In defense of boring books

When I was still a student, I’ve heard more than one friend complain about textbooks and how they can’t wait for the break, to be done with textbooks and finally be able to read the more interesting, “meaningful” books. As a booklover myself, I understand where the sentiment is coming from, though I strongly disagree with the rant against textbooks.

The defendant in this unfortunate case is the type of book that is cited in college course introductions, the kind of book that straight-faced, soft-spoken academics would enjoin their new students to get a copy of. (And they’re invariably expensive, so the resourceful student might go hunting for the requirement in Morayta and Recto; but, more likely in this day and time, the student will just look for a pirated PDF copy to download to his laptop or tablet, or to be copied from a friend’s USB stick.) The textbook is the usually-thick tome with the straightforward title, such as “Sociology,” or “Financial Accounting,” or “Film Art”. And while the non-textbook forgoes rigidity, being simply divided into chapters, the textbook is often crazy about structure: divided into sections, chapters, and sub-chapters; is decorated with boxes and sidebars; and often has end-of-chapter reviews, summaries, and exercises. The overloaded textbook wants it all, prose and poetry.

There are millions of fascinating non-textbooks out there, I admit, even if we discount fiction and other ‘non-factual’ works. We may have history textbooks, but we also have the non-fiction books on history that delve into much more detail and with much more interest than our stolid textbooks possess. And more often than not, it is the non-textbook that advances the subject matter, that provides the provocative angles which move the subject forward.

This is where the problem lies in rallying against textbooks: their value comes from being systematic, scientific, and cold but efficient. Textbooks teach, and they do so with rigor that is out of place for non-textbooks. They give us the fundamental knowledge, put us in equal footing with the so-called ‘state of the art’. As they do so, rarely do they have the space to dwell on ‘feelings’ or ‘interest’, nor find it appropriate to do so. Sociology textbooks, for instance, won’t rail against gender inequality, not only because non-textbook sources already are aplenty in this subject, but also because sociology precisely preaches relativism.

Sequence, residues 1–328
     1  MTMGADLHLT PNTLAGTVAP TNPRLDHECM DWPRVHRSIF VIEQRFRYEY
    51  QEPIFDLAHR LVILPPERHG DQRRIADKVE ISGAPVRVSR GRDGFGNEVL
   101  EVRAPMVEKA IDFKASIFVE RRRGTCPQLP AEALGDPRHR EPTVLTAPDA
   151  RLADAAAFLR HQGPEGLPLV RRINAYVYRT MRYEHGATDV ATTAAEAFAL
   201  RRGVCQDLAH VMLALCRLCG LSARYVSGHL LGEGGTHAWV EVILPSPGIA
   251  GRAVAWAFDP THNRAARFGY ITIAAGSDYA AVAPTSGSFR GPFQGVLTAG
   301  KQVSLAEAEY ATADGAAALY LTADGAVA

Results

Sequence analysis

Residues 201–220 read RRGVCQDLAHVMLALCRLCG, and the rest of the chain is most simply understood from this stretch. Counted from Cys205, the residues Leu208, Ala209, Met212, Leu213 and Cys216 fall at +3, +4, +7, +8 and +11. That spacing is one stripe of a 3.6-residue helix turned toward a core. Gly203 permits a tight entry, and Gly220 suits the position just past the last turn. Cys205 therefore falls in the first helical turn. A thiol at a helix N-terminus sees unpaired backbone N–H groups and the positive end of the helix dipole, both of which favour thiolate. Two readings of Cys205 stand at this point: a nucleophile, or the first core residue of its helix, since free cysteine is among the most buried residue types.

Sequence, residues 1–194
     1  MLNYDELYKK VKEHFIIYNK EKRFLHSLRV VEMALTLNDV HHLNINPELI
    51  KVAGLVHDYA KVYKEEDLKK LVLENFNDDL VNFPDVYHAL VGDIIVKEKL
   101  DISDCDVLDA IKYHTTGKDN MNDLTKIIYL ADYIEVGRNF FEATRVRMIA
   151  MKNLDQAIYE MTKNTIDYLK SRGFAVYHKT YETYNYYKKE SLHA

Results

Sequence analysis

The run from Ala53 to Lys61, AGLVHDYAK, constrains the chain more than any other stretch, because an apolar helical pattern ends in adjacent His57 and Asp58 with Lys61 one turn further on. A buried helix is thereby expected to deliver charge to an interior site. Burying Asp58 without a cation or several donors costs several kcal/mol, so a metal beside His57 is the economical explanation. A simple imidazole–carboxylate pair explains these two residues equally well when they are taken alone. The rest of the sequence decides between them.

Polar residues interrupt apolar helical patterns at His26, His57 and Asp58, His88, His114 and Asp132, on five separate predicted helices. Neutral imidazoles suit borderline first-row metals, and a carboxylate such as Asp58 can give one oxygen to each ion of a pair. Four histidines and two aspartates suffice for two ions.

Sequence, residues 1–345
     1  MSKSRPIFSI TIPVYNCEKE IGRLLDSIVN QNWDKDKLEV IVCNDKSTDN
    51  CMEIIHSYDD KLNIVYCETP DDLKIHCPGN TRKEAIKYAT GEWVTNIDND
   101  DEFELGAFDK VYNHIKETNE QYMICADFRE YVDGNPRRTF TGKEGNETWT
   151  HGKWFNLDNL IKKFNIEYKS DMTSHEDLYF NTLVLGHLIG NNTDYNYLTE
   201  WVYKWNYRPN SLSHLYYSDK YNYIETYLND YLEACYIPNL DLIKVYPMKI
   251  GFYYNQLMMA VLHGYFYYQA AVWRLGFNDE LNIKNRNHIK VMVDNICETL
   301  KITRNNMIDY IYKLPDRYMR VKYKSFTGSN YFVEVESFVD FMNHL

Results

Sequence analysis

That textbooks are important and cannot be disposed of is obvious for academics. But I worry for the attention-deprived Internet generation, the ones who have a virtual endless library at their disposal, and for whom it might be difficult to determine which is worthy of reading and which is not, which will be healthy for their mind or which will be detrimental to their intelligence. It’s a concern for which reading textbooks, and by extension attending school earnestly, is a silver bullet. It is all about a platitude that is as important and true for science as it is for the arts: that one should know the rules before breaking them. One will only be ready for the unknown, be prepared to contribute to the advancement of an effort, when one already knows what has been done and learned.

(On second thought though, to know the rules before breaking them is not applicable in the study of law!)

Rational, logical education is at its best when there is no burden for the teacher to render the subject interesting. Textbooks by nature strive to be impartial, and impartiality has the unfortunate tendency of being boring—but to be entertaining is not the goal of textbooks. It’s a struggle of pathos versus logos, but the sincere scholar is in no need of pathos, only logos.

Besides, it’s a prejudice, a simplification that textbooks cannot be “meaningful.” I would point to perhaps my favorite textbook, the famed Economics by Samuelson and Nordhaus. In their discussion of GDP and GNP, for example, on how countries measure their economic output, the authors note the injustice of how the current system doesn’t account for the labors, mostly of women, in homes. GDP counts only the value of goods and services that are bought or sold; thus, Samuelson points out, if a man were to marry his maid (and consequently stop paying for her work formally), then all other things held equal, GDP would take a hit.

Now, how’s that for meaning.


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